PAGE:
Montreal, March 21, 2021 – Several neighbourhoods celebrated the Bahá’í New year 178 B.E via video conference with joy and happiness. In one community, the refreshments were served via a special courier to the friends who were gathered on line! Stories, songs and video clips of Naw-Rúz celebrations in Iran and other countries of the world were shared.

Celebrations were followed by an all Montreal Community 19 Days Feast. The first day of the month of Bahá (Glory) in accordance with the Bahá’í Calendar. Close to one hundred adults and children participated in the Feast. The program was dedicated to the children and many of them participated in Devotional and musical presentations.

Naw-Rúz (also known as No Rouz, Nowruz, or Noruz), translates to "New Day" in English is the Bahá'í and Persian New Year, which occurs on the date of the vernal equinox. The holiday is fixed as March 21 for Bahá'ís in all countries outside the Middle East, regardless of exactly when the equinox occurs. However, those who celebrate this day culturally, rather than religiously, celebrate on the exact day of the equinox. Naw-Rúz dates back approximately 3,000 years and is rooted in Zoroastrian Faith. Zoroastrian is an ancient Persian religion that predates Christianity and Islam. Millions of people around the world celebrate this holiday.

The Baha’i celebration of Naw-Ruz is one of the nine Bahá'í Holy Days on which work is suspended, and it was established by Bahá’u’lláh, the prophet-founder of the Bahá'í Faith, to mark the feast day following the 19-day month of fasting. (The Bahá'í calendar is made up of nineteen months, and each month consists of nineteen days). The Bahá'í fast is essentially a reflective time of year, where those who are able, abstain from food and drink between sunrise and sunset.

To Bahá'ís the new year also symbolizes the renewal of time in each religious dispensation.`Abdu’l-Bahá, Bahá’u’lláh’s son and appointed successor, explained the significance of Naw-Rúz in terms of the equinox and spring-time and the new life it brings. In ‘Abdu’l-Baha’s words:

"… This sacred day when the sun illumines equally the whole earth is called the equinox and the equinox is the symbol of the divine messenger. The sun of truth rises on the horizon of divine mercy and sends forth its rays on all. This day is consecrated to this commemoration. It is the beginning of the spring. When the sun appears at the equinox it causes a movement in all living things. The mineral world is set in motion, plants begin to sprout, the desert is changed into a prairie, trees bud and every living thing responds, including the bodies of animals and men."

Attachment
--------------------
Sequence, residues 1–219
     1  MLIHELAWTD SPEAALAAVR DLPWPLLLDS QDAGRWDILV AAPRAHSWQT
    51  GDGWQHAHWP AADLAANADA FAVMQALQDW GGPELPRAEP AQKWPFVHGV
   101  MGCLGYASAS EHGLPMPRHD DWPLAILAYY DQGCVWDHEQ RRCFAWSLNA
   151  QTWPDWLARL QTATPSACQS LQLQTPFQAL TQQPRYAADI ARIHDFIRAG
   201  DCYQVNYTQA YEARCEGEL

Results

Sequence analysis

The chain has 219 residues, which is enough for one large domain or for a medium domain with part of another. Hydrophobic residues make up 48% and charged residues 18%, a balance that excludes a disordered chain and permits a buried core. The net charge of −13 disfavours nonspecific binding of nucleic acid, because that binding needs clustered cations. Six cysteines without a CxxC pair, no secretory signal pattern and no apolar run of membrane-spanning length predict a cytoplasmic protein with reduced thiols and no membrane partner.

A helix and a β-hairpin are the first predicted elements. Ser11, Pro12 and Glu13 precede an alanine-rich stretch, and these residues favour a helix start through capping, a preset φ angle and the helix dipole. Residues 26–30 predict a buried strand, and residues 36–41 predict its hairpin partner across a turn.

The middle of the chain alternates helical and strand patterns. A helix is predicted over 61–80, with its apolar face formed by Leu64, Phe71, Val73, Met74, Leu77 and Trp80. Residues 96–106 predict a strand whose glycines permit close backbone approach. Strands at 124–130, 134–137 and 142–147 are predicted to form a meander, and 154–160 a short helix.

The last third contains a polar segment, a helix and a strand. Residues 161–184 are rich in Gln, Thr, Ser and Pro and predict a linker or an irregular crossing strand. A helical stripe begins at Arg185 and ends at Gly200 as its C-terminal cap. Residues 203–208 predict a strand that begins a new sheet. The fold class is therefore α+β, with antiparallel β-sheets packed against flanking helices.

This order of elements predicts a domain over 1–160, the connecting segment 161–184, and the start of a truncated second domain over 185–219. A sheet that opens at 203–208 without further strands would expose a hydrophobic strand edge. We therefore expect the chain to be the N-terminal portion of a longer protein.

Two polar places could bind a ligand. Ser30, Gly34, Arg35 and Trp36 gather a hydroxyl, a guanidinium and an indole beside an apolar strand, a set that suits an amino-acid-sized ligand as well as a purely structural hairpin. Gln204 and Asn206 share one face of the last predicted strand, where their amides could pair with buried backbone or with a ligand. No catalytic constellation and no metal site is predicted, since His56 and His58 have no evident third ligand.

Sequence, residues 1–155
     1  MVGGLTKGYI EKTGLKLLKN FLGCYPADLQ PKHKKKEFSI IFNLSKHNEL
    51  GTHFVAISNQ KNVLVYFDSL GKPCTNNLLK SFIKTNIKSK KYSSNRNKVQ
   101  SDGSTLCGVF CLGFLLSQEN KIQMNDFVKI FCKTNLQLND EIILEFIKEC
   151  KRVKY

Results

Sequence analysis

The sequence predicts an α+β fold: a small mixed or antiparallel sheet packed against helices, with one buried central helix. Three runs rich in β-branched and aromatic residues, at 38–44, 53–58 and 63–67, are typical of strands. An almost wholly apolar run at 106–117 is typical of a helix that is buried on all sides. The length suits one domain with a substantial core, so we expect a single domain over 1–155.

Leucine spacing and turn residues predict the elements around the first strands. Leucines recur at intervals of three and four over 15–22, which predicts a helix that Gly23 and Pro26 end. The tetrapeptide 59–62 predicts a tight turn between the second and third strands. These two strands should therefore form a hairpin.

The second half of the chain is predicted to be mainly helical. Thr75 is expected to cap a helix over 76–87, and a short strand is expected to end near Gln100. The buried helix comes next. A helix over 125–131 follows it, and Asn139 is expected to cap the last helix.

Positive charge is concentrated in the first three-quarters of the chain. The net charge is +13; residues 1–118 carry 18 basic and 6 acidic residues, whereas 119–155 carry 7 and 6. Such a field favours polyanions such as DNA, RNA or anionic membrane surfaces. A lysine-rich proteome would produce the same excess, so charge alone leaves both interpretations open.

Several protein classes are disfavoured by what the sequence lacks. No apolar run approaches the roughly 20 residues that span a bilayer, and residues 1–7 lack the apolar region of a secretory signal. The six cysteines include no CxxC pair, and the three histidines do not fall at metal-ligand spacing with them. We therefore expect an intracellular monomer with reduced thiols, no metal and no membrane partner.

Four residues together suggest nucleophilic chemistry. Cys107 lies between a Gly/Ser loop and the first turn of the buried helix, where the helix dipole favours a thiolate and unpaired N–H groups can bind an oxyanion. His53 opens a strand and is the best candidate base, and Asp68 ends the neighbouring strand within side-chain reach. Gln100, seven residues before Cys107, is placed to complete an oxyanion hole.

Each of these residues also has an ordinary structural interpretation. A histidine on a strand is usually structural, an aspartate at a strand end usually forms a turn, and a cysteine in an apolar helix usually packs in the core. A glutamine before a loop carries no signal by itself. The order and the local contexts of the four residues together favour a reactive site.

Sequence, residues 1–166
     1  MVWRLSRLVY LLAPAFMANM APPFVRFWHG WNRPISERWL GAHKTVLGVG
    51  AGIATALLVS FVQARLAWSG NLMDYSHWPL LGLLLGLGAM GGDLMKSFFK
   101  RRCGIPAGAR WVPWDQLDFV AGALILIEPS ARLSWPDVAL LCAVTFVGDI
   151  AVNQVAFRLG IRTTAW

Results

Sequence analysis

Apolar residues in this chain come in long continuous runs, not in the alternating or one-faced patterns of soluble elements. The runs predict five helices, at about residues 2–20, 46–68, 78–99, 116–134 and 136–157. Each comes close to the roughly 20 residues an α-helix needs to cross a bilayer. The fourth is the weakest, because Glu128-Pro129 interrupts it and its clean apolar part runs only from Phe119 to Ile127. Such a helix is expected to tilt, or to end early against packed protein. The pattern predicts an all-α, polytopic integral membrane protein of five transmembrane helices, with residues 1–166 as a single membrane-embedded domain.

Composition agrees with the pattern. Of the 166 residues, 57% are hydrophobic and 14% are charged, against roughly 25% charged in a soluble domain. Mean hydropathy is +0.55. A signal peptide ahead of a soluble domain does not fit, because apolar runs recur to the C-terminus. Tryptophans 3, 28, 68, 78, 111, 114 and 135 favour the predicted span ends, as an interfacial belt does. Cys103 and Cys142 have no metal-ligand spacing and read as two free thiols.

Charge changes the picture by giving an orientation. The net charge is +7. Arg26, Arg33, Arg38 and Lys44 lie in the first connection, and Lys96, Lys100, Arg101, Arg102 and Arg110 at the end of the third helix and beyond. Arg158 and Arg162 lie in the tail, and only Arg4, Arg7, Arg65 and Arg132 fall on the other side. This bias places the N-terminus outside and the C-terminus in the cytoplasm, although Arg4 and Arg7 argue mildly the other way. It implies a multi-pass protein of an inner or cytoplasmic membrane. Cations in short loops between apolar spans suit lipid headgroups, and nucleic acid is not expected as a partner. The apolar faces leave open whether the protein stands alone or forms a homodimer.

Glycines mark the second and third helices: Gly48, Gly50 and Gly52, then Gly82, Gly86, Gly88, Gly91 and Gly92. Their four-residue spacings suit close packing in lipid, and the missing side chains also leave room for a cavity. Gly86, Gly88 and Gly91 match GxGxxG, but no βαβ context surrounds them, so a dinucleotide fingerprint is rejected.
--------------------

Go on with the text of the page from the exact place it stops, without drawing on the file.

The rising of the sun at the equinox is the symbol of life and the human reality is revivified; our thoughts are transformed and our intelligence is quickened. The sun of truth bestows eternal life, just as the solar sun is the cause of terrestrial life.

The day of the appearance of God’s messenger on earth is ever a sacred day, a day when man commemorates his lord.

"It is New Year … now is the beginning of a cycle of Reality, a New Cycle, a New Age, a New Century, a New Time and a New Year. … I wish this blessing to appear and become manifest in the faces and characteristics of the believers, so that they, too, may become a new people, and … may make the world a new world, to the end that … the sword be turned into the olive branch; the flash of hatred become the flame of the love of God … all races as one race; and all national anthems harmonized into one melody. – ‘Abdu’l-Bahá, Tablets of ‘Abdu’l-Bahá

As with most Bahá'í Holy Days, there are no particular fixed rituals or practices associated with the holiday. With adherents from so many parts of the world, the Bahá'í Faith makes careful attention not to impose one cultural tradition upon other traditions but rather to encourage an organic international Bahá'í culture that emerges based on the Holy Texts and not on personal or cultural traditions. So, on an international level, the celebration is generally observed with a meeting consisting of prayers, feasting and joyful celebration open to all. What that actually looks like from one place to another largely depends on the way in which a Bahá'í family or community chooses to celebrate the Holy Day.

Although celebrated in a different fashion, Naw-Ruz is also celebrated by Iranians and Zoroastrians as the new year. The origins of Naw-Ruz are unknown but it is thought to have begun as a pastoral spring festival. As time turned, Naw-Ruz gradually became a secular holiday in Persia and, as such, continued to be observed even after the spread of Islam in Iran. Muslim kings in Iran, like their Zoroastrian predecessors, celebrated Naw-Ruz with great magnificence.

Though not a Bahá'í tradition, some Bahá'ís from Persian background honour the traditions associated with their cultural heritage by infusing their celebrations with elements of a traditional Persian celebration of Naw-Ruz. These traditions might include families gathering in new or freshly cleaned cloths or the decoration of tables with fruit, cakes, coloured eggs and other treats, as well as symbolic objects such as a holy book and a mirror. Among the best known customs of Iranian Naw-Ruz is the “haft-sin” – which in English translates to the `seven S’s’. These are seven objects whose Persian names begin with the letter ‘S’ such as hyacinths, apples, lilies, silver coins, garlic, vinegar and rue, which are chosen and decoratively arranged on a table.

Persian traditions or not, Naw-Ruz always comes with generous hospitality and a delicious feast to enjoy!



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